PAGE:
Contemporary Japanese society is often regarded as an enigma because of its miraculous economic growth and the unparalleled stability of its socio-political structure. Yet until now, there have been very few works available in English which are concerned with stratification and class perceptions in contemporary Japan, an ommission which this study rectifies. It also addresses the fact that current works in the various fields of Japanese studies tend to lack relevant sociological data, which is amply provided in this book which uses empirical nationwide datasets called SSM on social stratification and mobility which have accumulated over a 30-year period since 1955. The work is both empirical and theoretical, with the sociological perspective serving as the underlying framework. A succinct historical overview is provided for those who might not be familiar with modern Japanese history.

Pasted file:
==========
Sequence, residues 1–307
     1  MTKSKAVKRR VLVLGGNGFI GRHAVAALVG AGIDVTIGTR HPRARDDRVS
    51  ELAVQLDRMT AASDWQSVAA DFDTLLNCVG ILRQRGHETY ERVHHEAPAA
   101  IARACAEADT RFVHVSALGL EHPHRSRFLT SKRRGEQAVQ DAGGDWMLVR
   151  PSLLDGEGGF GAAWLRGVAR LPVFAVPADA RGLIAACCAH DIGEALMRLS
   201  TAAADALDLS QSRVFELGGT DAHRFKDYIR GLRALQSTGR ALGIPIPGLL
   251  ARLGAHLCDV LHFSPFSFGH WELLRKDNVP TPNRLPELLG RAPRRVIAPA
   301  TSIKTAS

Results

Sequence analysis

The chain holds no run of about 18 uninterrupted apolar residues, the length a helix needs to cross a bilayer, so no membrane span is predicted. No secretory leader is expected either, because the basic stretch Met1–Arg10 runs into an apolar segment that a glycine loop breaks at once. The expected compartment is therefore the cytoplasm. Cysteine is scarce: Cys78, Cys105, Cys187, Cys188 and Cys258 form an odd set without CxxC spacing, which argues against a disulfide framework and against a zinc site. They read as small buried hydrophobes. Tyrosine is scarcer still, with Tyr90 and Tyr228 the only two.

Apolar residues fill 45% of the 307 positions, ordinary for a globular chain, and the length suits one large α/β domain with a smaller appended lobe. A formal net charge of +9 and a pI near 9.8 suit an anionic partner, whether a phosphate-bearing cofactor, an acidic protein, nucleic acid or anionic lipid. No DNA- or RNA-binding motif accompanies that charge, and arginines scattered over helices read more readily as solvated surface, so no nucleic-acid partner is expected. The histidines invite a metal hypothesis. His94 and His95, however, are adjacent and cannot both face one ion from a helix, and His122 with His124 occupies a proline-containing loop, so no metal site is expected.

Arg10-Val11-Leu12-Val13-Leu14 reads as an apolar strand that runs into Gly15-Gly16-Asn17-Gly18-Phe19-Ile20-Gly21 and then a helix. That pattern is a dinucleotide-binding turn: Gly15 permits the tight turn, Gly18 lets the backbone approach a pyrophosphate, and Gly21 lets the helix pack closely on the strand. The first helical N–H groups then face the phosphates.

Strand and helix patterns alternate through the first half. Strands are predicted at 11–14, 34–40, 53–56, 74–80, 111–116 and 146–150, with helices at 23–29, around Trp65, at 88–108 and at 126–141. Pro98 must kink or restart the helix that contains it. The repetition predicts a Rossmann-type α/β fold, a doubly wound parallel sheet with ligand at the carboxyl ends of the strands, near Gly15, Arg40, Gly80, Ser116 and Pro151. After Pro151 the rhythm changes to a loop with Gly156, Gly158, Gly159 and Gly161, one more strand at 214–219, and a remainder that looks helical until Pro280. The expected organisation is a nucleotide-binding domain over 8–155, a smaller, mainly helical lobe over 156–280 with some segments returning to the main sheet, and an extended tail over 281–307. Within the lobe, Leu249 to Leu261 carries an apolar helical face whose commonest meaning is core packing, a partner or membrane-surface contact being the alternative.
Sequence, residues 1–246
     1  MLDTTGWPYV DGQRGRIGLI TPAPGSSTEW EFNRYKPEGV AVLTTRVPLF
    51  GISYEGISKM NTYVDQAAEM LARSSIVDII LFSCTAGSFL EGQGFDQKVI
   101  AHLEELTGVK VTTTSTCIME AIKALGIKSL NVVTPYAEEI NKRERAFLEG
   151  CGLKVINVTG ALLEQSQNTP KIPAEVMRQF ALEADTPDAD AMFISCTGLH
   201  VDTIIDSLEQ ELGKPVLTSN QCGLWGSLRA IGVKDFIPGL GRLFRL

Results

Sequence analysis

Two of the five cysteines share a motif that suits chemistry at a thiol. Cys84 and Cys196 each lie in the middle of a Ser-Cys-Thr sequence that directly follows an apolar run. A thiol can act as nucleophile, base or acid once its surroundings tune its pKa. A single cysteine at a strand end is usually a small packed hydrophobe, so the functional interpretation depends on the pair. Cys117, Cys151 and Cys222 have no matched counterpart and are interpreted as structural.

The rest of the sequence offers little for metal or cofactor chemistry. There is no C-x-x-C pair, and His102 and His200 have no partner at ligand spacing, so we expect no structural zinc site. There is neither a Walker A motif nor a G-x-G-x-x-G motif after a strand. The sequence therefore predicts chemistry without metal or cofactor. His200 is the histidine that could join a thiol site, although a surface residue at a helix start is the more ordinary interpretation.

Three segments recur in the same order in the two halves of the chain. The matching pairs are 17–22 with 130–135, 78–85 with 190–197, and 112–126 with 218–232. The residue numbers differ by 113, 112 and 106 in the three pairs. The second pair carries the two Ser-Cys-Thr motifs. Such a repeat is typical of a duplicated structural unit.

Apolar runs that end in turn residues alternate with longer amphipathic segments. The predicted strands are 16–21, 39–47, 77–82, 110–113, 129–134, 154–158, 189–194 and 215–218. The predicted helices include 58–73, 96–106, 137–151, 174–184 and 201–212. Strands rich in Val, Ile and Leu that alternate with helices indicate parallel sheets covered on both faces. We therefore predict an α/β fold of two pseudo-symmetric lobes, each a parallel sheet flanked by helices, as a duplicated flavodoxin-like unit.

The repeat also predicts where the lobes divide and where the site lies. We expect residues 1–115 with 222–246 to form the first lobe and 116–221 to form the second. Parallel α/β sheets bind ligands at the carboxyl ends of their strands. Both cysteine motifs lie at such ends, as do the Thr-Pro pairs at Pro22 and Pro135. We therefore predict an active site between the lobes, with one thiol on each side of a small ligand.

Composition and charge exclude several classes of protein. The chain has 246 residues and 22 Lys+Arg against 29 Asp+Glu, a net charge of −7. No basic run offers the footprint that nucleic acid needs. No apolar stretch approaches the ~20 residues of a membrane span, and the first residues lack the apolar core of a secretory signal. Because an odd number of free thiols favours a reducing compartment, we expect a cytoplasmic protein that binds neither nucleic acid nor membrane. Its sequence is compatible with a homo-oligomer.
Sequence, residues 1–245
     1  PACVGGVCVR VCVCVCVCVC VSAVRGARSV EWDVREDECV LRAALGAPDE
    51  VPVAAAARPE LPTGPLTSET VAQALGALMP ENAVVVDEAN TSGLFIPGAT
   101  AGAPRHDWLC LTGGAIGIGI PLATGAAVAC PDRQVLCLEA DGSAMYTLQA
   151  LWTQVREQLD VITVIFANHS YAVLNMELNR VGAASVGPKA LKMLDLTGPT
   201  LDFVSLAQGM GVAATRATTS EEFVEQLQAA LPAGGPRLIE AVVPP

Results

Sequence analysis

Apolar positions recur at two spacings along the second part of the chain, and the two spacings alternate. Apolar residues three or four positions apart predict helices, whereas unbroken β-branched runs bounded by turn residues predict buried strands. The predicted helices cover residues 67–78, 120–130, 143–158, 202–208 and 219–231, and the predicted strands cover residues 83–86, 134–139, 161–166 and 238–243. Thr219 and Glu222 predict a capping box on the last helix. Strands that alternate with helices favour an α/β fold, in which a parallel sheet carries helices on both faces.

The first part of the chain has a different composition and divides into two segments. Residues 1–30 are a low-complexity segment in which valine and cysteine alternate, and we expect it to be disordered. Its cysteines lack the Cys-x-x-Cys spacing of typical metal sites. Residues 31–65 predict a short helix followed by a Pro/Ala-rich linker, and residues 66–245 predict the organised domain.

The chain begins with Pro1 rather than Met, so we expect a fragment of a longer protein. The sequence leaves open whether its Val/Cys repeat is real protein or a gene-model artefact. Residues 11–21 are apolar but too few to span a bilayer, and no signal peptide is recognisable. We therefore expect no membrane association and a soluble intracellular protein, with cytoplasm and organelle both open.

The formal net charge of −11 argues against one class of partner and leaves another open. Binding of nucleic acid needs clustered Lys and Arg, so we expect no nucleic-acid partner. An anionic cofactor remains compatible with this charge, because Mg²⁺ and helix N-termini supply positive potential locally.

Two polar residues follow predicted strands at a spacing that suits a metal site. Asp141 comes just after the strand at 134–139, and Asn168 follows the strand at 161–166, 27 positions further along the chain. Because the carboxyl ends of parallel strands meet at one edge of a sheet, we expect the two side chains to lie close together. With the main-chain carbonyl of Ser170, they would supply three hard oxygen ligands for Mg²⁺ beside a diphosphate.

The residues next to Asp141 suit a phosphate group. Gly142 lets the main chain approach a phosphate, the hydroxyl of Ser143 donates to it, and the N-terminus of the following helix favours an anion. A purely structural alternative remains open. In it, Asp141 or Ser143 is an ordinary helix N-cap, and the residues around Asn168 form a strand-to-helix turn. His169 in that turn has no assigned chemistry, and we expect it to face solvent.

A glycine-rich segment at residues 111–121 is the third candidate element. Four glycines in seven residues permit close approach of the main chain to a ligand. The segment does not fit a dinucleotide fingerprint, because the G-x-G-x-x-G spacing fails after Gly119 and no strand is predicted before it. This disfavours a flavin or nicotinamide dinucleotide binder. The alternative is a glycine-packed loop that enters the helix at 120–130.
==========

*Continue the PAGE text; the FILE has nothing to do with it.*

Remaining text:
Introduction - historical background, preceding studies
notions of class, status, and social mobility - formal framework of the problems, historical framework of the problems, cross-national framework of the problems
aspects of social inequalities and differences - income disparity, other social differences, changing stratification over time
intergenerational social mobility - trend of intergenerational mobility, self-employment and social mobility, comparison with other countries
labour market and career mobility - introduction, basic concepts and data, internal labour market and intercompany mobility, intersectorial mobility
class and status perceptions - introduction, changing class and status perceptions, the middle classification phenomena (empirical analysis and formal analysis)
political attitude and social strata - political attitude, social strata, cleavage of party supporter 1955, ruin of the reformist parties 1985, "no party affiliation" as a cause of fluctuations
women's changing status and status identification - introduction, overview of some differences between sexes, status identification of married women, attitude for sex-segregated traditions.